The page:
A tetsubin is a traditional Japanese tea kettle and an icon of Japanese culture. Made of cast iron, tetsubin are super sturdy and solid to boot!
Tetsubin have been around for hundreds of years. The kettles became commonplace in Japan during the 18th century when a form of tea-drinking called sencha became popular. Later in the 19th century, tetsubin evolved into symbols of wealth and class: kettles with artistic or elaborate designs reflected the high status of the owner.
These days, you don’t need to be a member of high society to enjoy this cultural artifact. Tetsubin are widely available and make a wonderful addition to any tea ritual. Here are a few tips for using your tetsubin.
Caring For A Tetsubin
- While tetsubin were originally used to boil water, you should only use yours to brew tea. Most modern tetsubin are made with an enamel lining that could get damaged if you boil water in the kettle.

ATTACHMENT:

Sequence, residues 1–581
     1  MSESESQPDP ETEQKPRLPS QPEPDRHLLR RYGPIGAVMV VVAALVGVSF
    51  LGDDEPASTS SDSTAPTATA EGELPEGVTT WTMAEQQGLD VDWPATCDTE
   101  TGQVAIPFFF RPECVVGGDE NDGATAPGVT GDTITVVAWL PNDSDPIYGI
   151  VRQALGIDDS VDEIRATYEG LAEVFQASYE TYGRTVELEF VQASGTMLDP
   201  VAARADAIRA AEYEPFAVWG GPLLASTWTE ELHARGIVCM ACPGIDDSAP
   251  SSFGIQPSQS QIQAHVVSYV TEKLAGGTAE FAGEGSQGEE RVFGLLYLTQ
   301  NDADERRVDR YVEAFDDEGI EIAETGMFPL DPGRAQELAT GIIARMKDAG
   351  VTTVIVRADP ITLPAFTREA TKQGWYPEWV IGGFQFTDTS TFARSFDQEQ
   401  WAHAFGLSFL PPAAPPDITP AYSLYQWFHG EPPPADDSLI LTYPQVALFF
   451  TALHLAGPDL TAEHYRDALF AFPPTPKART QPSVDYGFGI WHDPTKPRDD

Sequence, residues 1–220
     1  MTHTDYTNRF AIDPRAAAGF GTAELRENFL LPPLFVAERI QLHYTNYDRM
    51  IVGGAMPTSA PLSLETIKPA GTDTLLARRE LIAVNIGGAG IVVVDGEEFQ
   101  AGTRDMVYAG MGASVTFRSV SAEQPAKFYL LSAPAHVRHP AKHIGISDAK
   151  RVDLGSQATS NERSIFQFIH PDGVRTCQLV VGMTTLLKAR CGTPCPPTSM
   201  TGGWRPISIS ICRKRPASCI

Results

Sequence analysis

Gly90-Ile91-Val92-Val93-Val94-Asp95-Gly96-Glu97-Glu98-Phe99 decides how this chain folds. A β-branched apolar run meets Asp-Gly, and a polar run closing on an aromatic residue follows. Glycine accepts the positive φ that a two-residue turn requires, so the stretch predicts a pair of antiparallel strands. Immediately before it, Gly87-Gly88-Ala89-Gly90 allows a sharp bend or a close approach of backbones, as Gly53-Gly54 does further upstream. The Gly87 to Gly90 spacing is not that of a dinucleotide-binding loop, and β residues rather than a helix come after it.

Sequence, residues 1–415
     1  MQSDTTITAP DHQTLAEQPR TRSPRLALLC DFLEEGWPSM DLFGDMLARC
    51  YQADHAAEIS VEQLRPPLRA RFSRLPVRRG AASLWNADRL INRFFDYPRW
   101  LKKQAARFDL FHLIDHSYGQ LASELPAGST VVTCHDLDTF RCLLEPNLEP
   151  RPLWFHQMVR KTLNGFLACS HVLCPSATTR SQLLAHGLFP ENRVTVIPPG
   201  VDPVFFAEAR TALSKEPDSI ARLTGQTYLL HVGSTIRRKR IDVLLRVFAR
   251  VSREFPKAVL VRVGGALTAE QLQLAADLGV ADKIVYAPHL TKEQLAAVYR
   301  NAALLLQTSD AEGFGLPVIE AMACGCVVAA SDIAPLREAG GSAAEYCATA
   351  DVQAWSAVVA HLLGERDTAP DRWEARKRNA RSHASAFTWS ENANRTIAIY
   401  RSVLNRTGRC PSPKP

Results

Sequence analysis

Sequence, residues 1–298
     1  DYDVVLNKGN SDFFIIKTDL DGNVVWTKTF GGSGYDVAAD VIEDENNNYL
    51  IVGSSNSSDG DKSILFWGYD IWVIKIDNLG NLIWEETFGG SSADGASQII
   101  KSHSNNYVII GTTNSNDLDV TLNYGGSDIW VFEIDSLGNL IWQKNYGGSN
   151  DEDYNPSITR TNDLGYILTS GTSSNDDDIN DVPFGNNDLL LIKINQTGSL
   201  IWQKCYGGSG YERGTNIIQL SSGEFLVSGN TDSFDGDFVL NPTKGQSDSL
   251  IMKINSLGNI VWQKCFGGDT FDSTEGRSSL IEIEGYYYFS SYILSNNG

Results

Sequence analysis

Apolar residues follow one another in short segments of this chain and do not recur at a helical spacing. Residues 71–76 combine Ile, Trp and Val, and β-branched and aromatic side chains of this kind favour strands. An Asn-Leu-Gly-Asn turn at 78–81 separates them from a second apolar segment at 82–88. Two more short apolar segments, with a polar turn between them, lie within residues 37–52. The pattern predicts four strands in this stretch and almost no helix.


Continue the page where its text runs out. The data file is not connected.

- Before using the tetsubin, swish some hot (not scorching) water around inside. This will warm the enamel lining and prevent any thermal shock. This will also prep your pot for brewing and ensure that your tea stays warmer for longer. After warming, dry with a clean cloth.
- Do not leave tea inside the tetsubin for long periods of time. Make sure the tetsubin does not come into contact with any salty or oily substances.
- To clean the inside of the kettle, wash it out with warm soapy water and avoid using any abrasive pads or scrub brushes (some people warn against using soap on the cast iron, but a mild soap should be fine).
Making Tea In A Tetsubin
- Measure out your tea leaves and add them to the pot’s infuser. A good ratio is one teaspoon of tea leaves for every cup of water.
- Heat the tea water. For white and green tea, turn off the water before it boils: this will ensure the best brew. Black tea, however, tastes the best when prepared with boiling water.
- Pour the water into the pot through the infuser. Then, let the tea steep accordingly (how long it steeps depends on the tea you use. Be sure to double check the tea’s package!).
- Serve and enjoy!